Flash Friday 29/11/2013: Weapon of Choice (Part 14 – FINALE)
Dennis slumped into his chair.
He had done it. He had finally done it. He had done his god-given quest and took revenge for his parents death. Well, alright, he didn’t avenge them so much as turn their attacker into something a little more embarrassing. If he strained his ears enough, he could probably hear the coffins spinning.
But what did he care? He’d done it, after all. All that was requested is that he got revenge for his parents, and he did. Now, he could sit back, relax, and try to forget anything that ever happened. There was still time to fit a life in after his vicious mental scarring.
There was a knock at the door.
Dennis picked himself up, grumbling as he went. It was probably someone going to say ‘well done’ and give him a present he’d never use. Or someone keen to ‘take him out’ to celebrate his victory. Dennis didn’t want either of those things. He just wanted a nice, big helping of being left the hell alone. A few centuries might do it.
It was Livia.
“Hey,” she said with a wave. “Do you mind if I crash with you?”
“Why on earth would you want to do that?”
“It’s weird, I know, but…well, remember the dragon you saved me from? Yeah, he has friends.”
“See, the dragon was promised by the quest that he’d be able to eat Samuel, but after you came in and did your business, they aren’t happy. I heard that they’ve crashed at my parents place to wait for my return.”
“Oh goodness,” Dennis said. “And they’ll kill you if you go home?”
“No,” Livia said. “They’d just put me into Damsel School and stick me on another stake somewhere.”
“Good heavens. Maybe death would have been better.”
“Death or not, I think it’d be wisest to hide with you for a bit. Unless you object to it, of course?”
“I’m going to wager that you have five very good reasons for me to say yes, and they’re all at the base of your fingers on your right hand.”
“Oh,” Livia said, giving a sweet smile as she entered. “So you catch on quickly, I see.”
“I don’t have any problems understanding you,” Dennis said, letting her. “I just want to know why he’s here.”
Edmond snorted. “I have a name, you know. And an outstanding bill.”
“A bill? But I didn’t hire you to be a freelance plot device.”
“And you’re correct. This isn’t a payment for my services, neither a payment of money. This, my friend, is the payment for the absolute disgrace of a journey you put a cat though, of all things. Not once did I get petted, complimented, or treated like the VIP that I am. Therefore, I am here to extract my payment.”
Dennis arched an eyebrow. “Not of money, though?”
“Correct. This is a payment of letting me sleep on your laundry, eating the chicken off of your plate, and having you rub my belly only for me to bite your hand a second later. I like the last one the most. It gets them every time. Also, I’ll have some of whatever’s cooking right now.”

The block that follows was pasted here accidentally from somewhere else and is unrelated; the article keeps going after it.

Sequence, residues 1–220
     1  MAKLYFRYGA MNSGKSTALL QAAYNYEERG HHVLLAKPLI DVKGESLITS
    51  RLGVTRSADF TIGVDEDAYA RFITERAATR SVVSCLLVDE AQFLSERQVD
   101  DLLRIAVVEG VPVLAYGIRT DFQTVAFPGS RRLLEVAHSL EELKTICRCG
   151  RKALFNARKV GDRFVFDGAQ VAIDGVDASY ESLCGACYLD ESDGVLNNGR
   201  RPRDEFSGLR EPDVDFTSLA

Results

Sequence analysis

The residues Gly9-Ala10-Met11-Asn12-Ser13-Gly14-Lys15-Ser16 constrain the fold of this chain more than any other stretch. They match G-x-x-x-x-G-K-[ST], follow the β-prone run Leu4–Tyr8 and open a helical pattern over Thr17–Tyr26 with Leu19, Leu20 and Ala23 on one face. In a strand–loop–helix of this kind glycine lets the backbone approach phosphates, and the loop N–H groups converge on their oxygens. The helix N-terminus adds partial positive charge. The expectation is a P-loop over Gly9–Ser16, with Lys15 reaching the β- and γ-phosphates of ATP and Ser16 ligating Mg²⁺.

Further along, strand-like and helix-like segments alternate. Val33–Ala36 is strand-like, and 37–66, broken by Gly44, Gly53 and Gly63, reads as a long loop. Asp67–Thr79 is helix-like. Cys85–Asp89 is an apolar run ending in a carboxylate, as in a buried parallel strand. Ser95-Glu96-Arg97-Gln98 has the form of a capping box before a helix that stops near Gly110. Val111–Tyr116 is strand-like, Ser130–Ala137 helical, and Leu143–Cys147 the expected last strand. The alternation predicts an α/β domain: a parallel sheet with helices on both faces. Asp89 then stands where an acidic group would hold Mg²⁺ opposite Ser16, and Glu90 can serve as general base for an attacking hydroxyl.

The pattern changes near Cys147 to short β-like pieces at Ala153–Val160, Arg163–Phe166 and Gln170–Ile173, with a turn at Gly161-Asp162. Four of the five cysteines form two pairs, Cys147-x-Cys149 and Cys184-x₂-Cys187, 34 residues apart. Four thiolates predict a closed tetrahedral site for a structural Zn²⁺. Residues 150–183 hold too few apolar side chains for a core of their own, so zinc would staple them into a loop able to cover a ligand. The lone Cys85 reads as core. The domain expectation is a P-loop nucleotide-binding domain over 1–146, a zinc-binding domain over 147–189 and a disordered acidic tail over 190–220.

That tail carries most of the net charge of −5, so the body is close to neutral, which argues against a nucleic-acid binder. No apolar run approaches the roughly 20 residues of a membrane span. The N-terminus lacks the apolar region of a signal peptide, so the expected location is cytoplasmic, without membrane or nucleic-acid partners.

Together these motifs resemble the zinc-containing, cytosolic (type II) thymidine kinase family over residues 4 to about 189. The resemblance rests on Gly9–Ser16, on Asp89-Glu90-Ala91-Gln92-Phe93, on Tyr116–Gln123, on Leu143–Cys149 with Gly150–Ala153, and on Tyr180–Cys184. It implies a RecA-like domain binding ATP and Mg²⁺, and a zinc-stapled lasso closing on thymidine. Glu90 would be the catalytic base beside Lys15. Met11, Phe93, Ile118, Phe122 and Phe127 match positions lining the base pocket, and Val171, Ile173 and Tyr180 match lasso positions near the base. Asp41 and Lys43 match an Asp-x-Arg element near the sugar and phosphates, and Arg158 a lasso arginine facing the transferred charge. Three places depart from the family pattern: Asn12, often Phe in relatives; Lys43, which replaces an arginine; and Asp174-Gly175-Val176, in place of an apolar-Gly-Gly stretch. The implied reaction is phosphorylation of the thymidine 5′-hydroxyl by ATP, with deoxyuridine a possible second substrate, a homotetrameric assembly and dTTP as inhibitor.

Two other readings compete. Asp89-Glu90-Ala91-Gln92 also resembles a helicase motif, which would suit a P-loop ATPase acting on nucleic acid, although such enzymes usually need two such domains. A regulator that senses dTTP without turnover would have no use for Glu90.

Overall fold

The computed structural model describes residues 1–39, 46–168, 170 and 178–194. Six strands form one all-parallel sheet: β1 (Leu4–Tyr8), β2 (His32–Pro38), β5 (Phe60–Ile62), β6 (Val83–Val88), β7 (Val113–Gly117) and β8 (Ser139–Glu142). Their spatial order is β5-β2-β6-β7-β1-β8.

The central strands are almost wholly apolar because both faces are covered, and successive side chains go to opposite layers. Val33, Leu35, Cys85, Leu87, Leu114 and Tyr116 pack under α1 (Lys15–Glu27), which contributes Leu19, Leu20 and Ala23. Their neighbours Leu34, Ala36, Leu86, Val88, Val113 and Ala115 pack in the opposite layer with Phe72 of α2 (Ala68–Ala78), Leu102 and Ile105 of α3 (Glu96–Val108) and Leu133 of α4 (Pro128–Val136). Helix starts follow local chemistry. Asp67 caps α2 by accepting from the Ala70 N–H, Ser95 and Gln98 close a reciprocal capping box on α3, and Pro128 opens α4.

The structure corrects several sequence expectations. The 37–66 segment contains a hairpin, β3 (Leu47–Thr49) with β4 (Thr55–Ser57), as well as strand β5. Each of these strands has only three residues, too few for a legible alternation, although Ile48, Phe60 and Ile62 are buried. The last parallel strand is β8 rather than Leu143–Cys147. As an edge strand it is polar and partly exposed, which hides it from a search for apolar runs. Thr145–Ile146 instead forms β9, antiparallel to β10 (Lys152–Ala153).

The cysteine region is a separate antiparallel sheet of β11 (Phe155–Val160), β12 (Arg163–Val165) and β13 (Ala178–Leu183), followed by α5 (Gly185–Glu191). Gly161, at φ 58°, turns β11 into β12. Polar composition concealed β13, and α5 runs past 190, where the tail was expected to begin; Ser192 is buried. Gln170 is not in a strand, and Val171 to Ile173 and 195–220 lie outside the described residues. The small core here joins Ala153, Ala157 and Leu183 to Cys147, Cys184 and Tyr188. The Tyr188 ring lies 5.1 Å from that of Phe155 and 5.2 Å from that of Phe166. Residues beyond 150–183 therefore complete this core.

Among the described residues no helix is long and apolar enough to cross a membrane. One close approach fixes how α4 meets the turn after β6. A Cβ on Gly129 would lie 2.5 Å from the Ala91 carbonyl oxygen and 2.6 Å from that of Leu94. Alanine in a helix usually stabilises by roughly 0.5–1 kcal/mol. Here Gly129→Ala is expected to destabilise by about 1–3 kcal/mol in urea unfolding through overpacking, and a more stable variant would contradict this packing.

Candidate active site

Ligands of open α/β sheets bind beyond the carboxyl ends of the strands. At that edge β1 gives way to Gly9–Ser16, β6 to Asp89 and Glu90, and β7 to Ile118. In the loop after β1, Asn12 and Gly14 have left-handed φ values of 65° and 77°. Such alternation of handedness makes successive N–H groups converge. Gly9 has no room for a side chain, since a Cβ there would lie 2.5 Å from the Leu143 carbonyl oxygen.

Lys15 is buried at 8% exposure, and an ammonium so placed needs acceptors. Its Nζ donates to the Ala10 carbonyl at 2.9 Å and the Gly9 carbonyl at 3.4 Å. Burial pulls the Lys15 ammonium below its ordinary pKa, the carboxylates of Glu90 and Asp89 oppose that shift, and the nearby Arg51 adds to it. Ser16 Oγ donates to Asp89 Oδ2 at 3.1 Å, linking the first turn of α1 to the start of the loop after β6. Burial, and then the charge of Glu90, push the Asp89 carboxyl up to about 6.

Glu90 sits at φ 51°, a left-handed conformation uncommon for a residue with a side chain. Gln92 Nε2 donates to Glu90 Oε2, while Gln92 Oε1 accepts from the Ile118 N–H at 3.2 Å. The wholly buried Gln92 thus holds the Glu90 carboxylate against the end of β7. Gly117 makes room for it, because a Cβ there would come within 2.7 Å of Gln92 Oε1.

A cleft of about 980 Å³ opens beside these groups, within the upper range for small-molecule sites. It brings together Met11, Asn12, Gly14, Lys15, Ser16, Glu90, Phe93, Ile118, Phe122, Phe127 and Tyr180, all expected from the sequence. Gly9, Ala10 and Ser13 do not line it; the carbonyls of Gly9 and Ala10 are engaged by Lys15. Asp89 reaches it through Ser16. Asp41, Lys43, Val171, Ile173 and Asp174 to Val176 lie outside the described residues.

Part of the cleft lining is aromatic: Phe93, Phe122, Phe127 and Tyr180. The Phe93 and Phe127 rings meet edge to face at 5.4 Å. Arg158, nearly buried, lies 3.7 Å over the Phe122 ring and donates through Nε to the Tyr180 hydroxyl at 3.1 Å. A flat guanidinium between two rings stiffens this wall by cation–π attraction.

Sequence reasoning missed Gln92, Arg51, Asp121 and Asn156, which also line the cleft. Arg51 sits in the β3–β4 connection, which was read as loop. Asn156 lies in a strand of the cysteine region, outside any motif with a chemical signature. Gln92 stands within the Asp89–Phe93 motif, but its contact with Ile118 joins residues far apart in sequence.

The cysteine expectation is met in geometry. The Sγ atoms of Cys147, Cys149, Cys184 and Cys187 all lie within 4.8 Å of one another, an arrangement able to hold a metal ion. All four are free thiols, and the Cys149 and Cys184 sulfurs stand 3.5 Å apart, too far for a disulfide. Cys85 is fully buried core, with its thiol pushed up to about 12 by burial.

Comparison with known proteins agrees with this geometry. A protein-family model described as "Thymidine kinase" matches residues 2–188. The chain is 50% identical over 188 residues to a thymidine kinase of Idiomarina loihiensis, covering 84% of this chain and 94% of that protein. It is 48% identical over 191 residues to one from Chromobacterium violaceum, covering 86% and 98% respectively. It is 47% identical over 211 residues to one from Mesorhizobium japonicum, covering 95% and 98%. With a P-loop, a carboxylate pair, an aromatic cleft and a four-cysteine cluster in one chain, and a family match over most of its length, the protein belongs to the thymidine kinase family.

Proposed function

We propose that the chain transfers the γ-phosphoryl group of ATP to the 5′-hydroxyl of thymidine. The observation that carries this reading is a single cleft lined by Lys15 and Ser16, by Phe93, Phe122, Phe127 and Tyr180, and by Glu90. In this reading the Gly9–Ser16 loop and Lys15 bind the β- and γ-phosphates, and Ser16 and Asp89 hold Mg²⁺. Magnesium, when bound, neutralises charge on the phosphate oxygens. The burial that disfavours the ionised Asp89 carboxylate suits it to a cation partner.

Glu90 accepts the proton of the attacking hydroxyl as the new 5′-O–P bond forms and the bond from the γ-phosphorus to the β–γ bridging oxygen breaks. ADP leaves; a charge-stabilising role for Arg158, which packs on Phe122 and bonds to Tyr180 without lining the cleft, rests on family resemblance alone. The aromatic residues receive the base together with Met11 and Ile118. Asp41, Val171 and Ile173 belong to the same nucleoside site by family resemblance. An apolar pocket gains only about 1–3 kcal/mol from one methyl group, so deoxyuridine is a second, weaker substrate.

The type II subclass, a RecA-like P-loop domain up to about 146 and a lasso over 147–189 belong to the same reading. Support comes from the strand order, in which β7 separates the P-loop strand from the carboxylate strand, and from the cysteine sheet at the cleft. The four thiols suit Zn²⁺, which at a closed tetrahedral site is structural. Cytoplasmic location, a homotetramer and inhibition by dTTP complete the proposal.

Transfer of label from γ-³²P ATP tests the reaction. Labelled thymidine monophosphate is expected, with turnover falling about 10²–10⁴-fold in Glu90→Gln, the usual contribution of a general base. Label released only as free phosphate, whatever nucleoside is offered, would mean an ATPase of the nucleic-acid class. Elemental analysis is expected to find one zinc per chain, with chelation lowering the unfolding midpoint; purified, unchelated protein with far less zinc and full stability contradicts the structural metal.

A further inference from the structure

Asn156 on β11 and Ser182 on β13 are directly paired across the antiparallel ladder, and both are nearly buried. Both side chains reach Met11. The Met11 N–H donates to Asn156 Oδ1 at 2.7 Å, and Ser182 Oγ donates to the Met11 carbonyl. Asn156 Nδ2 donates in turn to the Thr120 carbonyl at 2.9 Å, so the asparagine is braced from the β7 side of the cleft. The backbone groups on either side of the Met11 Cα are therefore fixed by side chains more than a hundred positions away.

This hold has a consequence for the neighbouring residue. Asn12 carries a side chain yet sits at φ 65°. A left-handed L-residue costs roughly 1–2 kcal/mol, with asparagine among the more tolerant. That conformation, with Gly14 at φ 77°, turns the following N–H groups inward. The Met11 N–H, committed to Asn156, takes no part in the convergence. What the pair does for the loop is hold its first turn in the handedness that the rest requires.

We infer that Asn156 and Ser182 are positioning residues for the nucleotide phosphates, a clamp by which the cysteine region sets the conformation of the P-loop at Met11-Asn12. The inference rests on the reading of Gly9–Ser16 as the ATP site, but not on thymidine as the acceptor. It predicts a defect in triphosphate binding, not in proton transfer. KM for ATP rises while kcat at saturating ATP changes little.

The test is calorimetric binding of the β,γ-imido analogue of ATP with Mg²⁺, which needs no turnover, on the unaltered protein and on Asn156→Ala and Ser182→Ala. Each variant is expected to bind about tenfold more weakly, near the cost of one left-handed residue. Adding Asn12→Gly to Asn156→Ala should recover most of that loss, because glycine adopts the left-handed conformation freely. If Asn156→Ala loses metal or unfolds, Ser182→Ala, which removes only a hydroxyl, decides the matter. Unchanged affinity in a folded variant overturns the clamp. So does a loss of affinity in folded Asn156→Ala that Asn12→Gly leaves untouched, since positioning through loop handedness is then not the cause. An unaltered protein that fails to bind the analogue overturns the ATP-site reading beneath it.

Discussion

“Cooking?” Dennis said. “But I didn’t put anything on.”
Despite that, he could still smell — and now that he was aware of it, hear — something cooking within his own home. Going into the kitchen, he saw the final sight that confirmed that today was not going to be an average day.
“Hello, hero,” Samuel said, with a smile. “Just frying some eggs.”
“But I don’t have any eggs.”
“Of course you do,” Samuel said, picking up the grumpy-looking chicken sitting beside him. With a tight squeeze, it produced an egg. “It’s very handy, you know. If only I could do the same with some rashers of bacon.”
“But,” Dennis said, squinting. “That’s a cockerel. They don’t lay eggs.”
Samuel stared at the bird in confusion. The bird returned with a worried look.
“I guess it’ll be alright if we don’t think about it,” Samuel said, cracking the egg on the pan. “Besides, there’s not much use for him otherwise.”
“Chicken drumsticks says otherwise,” Dennis said. “So I take it you’ll be here as well?”
Samuel’s jaw dropped as he placed a hand to his chest. “Why Dennis,” he said, “you saved me yourself from the clutches of a dragon.”
“Which you put yourself into.”
“The main point is that you saved me from my own predicaments, and I owe you my life. So,” he said, wielding a spatula. “Sunny side up?”
“Sure,” Dennis said, walking out of the kitchen. He only had one location in his mind right now, and that was falling very hard back into his armchair. Unfortuantely, he couldn’t even do that.
“Mm,” Edmond said, snuggling into the cushion. “Still warm.”
“Edmond, please. That’s my chair.”
“Your chair? You weren’t using it.” Edmond unravelled, stretching his legs out. “So now, it’s my chair.”
“Is this part of the payment, too?”
“You betcha. You’ll either have to be on guard more often, or buy more chairs.”
“You better not try that on Livia. Where is she, anyway?”
“Livia?” Edmond said, rolling onto his back ready for sleep. “Said she was gonna check out the neighbourhood.”
Ice hit Dennis’ stomach.
There was a problem being in a farm-based rural town in the middle of the sticks, and that was that nobody got to see many good-looking women. When they did appear like an angel’s blessing, they were the talk of the town for a month, even after they had left. Dennis had hoped to warn Livia about this, but by the time he had gotten to the front door, there was an entire fanclub cooing and making kissy noises in her direction.
Livia wasn’t saying anything. She was simply staring, her right fist balled and shaking, right until the point where she charged.
Dennis sighed as screams pierced the air. A hero’s welcome indeed.
Weapon of Choice total words: 13813
Words I regret writing: 0
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